By @fightnomics We’ve already covered the hardest hitters on the Super Bowl weekend card in Vegas. But a very different metric is just as interesting, and that’s how fast fighters tend to pace their strikes in their standup game. As you’ll see, the main event alone presents extremes in this metric, and there is a broad range of strikers across the card. Let’s see how they all stack up in one chart.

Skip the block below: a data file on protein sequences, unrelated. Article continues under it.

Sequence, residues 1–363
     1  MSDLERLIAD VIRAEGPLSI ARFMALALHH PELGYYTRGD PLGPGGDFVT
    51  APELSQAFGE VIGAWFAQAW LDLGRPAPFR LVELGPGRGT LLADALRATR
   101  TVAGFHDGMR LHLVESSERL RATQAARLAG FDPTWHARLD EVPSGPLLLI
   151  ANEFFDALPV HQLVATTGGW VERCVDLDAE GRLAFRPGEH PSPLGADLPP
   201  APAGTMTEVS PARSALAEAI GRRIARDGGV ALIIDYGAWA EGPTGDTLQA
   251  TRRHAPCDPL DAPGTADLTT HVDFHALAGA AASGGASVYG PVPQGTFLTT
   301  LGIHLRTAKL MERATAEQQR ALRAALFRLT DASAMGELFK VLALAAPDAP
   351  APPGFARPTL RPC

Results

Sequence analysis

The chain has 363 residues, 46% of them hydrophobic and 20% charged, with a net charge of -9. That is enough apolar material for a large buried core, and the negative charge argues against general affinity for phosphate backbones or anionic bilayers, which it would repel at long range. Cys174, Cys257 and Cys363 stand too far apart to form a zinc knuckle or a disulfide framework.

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Pedal to the Metal Nick Diaz is known for his aggressive, stalking style of striking. Not exactly a one punch knockout artist, but a guy who keeps dinging up opponents until there’s a tipping point. Against BJ Penn, Diaz landed 150 strikes from a distance in just three rounds – nearly one every six seconds – from a whopping 309 attempts. Throughout Diaz’s career, he’s averaged nearly 20 strike attempts per minute while standing, nearly double the average UFC pace. Just behind Diaz is another guy who loves to be aggressive, Flyweight John Lineker. When he faces Ian McCall, Lineker will be the faster and more powerful striker, but his aggressive style leads to sloppy defense. That matchup will likely be another striking duel on a card where we could see a lot of standup action. The pairing of Sarah McMann and Miesha Tate will pit two of the fastest paced strikers together. It turns out that the Women’s Bantamweight division has an abnormally high rate of standup striking, so while these two appear high on the list, they’re actually not far off from average for their division. Al Iaquinta and Tom Watson are also aggressive strikers, and each man is hoping to keep his fight standing against known submission threats in Rafael Natal and Joe Lauzon, respectively. It’s worth noting that both grapplers fall into the below average portion of the graph, more evidence that both those fights could turn into battles for position. Thiago Alves is fairly well matched with opponent Jordan Mein on pace alone in another fight between two guys reluctant to attempt takedowns. Coasting Filling out the middle of the graph are a mixed bag of fighters, some of whom prefer to fight on the mat. Specifically, Ed Herman, Derek Brunson, and Jimy Hettes all spend a lot of time fighting on the ground, so it’s no surprise that they don’t fully commit to their standup striking. Another guy with solid wrestling is Kelvin Gastelum, who has mixed up his MMA game well to date through a currently undefeated run. And then there’s Jordan Mein and Ian McCall, who while setting an average pace, are quite measured in their striking style. Mein is very accurate, while McCall is one of the most elusive men on the feet. Each man brings a unique style to what could be mostly striking matchups this weekend. Pumping the Breaks Many of the names at the bottom are guys with dangerous submission games, who probably have reserved standup striking so as to time takedowns on opponents. That includes Rafael Natal, Thales Leites, Diego Brandao, and the performance bonus machine, Joe Lauzon. Power striker Tyron Woodley is also low on the list, preferring to pick his shots. And as we saw on the Knockdown Rate graph, he doesn’t need many to put opponents away. And way at the bottom is Anderson Silva. A counter-striking sniper if there ever was one. Along with Woodley, Silva has an extraordinarily high Knockdown Rate, but choosing to be very evasive a non-committal in his engagement style. He represents a stark contrast to the high-volume pressure-striker Nick Diaz at the very top of the chart. Which style is better? We get to see it all play out in the main event at UFC 183. “Fightnomics” the book is now available on Amazon! Follow along on Twitter for the latest UFC stats and MMA analysis, or on Facebook if you prefer.